In terms of its most basic features, it has a strong antivirus component, real-time behavioral monitoring for any pesky suspicious files, and ransomware protection. Scanning speeds are reasonably efficient with a quick scan taking a matter of seconds, and a full scan gradually taking less time the more you use it. For many, that’s all you’re ever going to need, but Bitdefender throws in a few more features along the way too — malicious website blocking, a password manager tool, and ransomware detection are also included.
Overall, Bitdefender Antivirus Plus is the kind of software you can leave running in the background and it simply just works. It also doubles up well as a form of security suite, rather than simply virus protection tool.

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Image: Norton

The Good

Great at detecting malware and exploits • Low performance hit • Plenty of configuration options

The Bad

Slightly confusing UI

The Bottom Line

A familiar name, Norton Antivirus Plus will make the majority of its users feel safe and protected, even if the options are a double-edged sword.

Norton Antivirus Plus

The familiar name will make the majority of its users feel safe and protected, even if the options are a double edged sword.

  • Norton AntiVirus Plus:
    $19.99 (annual)
  • Norton 360 Standard:
    $34.99 (annual)
  • Norton 360 Deluxe:
    $39.99 (annual)
  • Norton 360 with LifeLock Select:
    $99.48 (annual)
Creeping up on 30 years in the field, odds are everyone has used a Norton AntiVirus software tool at some point. Norton Antivirus Plus offers enhanced security for your devices and a VPN for online privacy. There are more than enough features here to beguile enthusiasts but potentially confuse novices. 
That’s immediately noticeable from the outset with Norton, which urges you to install not just the antivirus software, but multiple browser extensions. As part of its ability to protect you from dangerous search results, there’s Norton Safe Search, along with Norton Toolbar, which assigns each site a safety rating, and Norton Identity Safe (its password management tool). Such a wealth of options continue throughout the software, which is why it can be a little confusing for some, albeit very secure. Extra features include a smart firewall that monitors any potential unauthorized traffic, a SafeCam mode that detects if anyone tries to access your webcam, and the aforementioned VPN and Identity Safe password manager.

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Image: McAfee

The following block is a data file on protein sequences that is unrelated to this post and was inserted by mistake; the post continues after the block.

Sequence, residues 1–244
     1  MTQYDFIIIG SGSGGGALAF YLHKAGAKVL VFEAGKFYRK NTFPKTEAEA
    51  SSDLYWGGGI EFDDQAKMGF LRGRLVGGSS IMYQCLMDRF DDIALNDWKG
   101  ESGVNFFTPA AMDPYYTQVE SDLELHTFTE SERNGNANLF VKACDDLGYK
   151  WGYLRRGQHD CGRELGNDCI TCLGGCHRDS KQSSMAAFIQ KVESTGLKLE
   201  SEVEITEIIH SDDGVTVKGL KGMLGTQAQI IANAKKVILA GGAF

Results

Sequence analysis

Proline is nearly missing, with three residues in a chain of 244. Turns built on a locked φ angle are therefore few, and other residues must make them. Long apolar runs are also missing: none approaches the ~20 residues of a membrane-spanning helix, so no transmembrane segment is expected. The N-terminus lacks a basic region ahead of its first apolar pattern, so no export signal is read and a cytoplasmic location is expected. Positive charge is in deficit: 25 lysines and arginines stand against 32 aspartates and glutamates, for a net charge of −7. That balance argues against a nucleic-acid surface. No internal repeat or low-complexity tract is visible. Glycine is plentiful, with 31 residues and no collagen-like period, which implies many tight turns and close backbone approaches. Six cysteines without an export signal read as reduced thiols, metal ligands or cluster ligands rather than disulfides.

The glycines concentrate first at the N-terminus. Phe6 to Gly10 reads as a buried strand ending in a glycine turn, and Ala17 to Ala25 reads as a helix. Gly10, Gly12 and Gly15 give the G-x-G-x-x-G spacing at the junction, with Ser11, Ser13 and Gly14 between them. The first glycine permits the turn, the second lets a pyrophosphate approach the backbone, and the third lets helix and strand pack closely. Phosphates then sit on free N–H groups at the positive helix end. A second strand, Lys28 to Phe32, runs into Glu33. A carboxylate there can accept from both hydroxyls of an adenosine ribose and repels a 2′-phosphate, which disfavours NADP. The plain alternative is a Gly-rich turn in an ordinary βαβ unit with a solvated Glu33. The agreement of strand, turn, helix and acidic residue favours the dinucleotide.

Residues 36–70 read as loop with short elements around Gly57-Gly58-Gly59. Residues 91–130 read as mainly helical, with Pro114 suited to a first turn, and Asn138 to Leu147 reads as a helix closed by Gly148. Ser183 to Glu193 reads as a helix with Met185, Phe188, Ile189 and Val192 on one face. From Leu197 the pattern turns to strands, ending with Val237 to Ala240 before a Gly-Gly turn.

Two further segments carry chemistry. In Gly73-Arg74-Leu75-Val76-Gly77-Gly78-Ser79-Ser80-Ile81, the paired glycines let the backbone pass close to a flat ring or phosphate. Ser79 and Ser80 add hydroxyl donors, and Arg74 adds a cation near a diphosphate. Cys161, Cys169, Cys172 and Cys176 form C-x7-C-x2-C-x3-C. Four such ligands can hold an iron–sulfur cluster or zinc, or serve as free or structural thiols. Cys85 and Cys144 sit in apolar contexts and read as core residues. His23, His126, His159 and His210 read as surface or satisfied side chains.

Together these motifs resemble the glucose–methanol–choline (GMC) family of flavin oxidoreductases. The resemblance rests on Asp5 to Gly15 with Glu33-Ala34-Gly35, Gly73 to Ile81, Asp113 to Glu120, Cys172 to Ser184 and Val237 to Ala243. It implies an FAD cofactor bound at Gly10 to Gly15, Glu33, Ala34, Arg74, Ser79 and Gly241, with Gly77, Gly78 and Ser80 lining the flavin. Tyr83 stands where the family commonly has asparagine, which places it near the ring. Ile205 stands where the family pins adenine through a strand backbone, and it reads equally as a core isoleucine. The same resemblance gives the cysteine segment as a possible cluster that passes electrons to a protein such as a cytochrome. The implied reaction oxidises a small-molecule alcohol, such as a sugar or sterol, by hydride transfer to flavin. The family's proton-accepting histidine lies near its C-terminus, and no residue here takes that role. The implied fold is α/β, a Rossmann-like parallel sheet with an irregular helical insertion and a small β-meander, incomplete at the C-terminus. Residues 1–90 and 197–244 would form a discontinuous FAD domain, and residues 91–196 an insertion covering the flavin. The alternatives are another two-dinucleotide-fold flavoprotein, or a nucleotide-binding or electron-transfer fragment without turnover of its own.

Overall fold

The Good

Low performance impact • Works across multiple different devices • Firewall support

The Bad

URL blocking is ineffective

The Bottom Line

McAfee isn’t perfect at eliminating all threats, but it’s a bargain for those with multiple systems to protect.

McAfee Total Protection

McAfee Total Protection isn’t perfect at eliminating all threats, but it’s a bargain for those with multiple systems to protect.

  • Two years (up to 10 devices):
    $34.99 (annual)
Long gone are the days when households owned just one computer. Odds are that everyone in your home has their own PC or laptop, as well as a smartphone. Buy McAfee Total Protection once, and you’ll have a license for all of these systems. It’s possible to buy individual protection for half the price, but it’s a poor value for any household with more than one device that needs protecting. McAfee Total Protection isn’t entirely foolproof but it’s a well-priced solution for multiple devices.
Its scan takes an average length of time compared to its competitors, but it does a solid job of detecting most threats. Similarly, the built-in firewall detects most threats automatically, without much need for you to tweak or fiddle around with any settings (unless you want to, of course). In all cases, McAfee Total Protection hardly slows down the system it’s installed on, amply reminding you of why it’s worth the investment. Being able to use one program across multiple devices is a huge help in simplifying security matters at home, and it’s pretty effective too. 

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Image: Webroot

The Good

Very fast scanning • Easy to configure • Compatible with both Mac and PC • Lightweight and perfect for old computers

The Bad

Limited test results • Limited scan options

The Bottom Line

If your PC is rapidly aging, Webroot SecureAnywhere AntiVirus is an ideal solution that won’t slow it down any further.

Webroot SecureAnywhere Internet Security

If your PC is rapidly aging, Webroot SecureAnywhere AntiVirus is an ideal solution that won’t slow it down any further.

  • One year (up to three devices):
    $37.49
These days, no antivirus software slows down the average PC drastically, but most of them can cause a negative impact on the performance of older PCs. Webroot SecureAnywhere Internet Security bucks that trend with a super small footprint that means there’s no reason not to install it, even if your computer has seen far better days.
Occupying only about 15MB of disk space, Webroot SecureAnywhere AntiVirus takes predictably little time to install. Impressively, its system scan is also as speedy, taking less than a minute. Impressively, there’s room for a sandbox feature too, an unusual addition for any antivirus package, that lets you run dubious programs in an isolated environment to see if they are actually worthy of your suspicion or not.
The sole issue arises from the lack of independent test results for Webroot SecureAnywhere Internet Security, but it’s a relatively small issue in something that, anecdotally, has consistently garnered good results. 

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Image: Avast

The Good

Plenty to tweak for experts • Lots of useful features • Essentially a security suite

The Bad

Expensive • Free version is the better option

The Bottom Line

A great antivirus tool that doubles as a security suite, but many of its best features are available in the free version.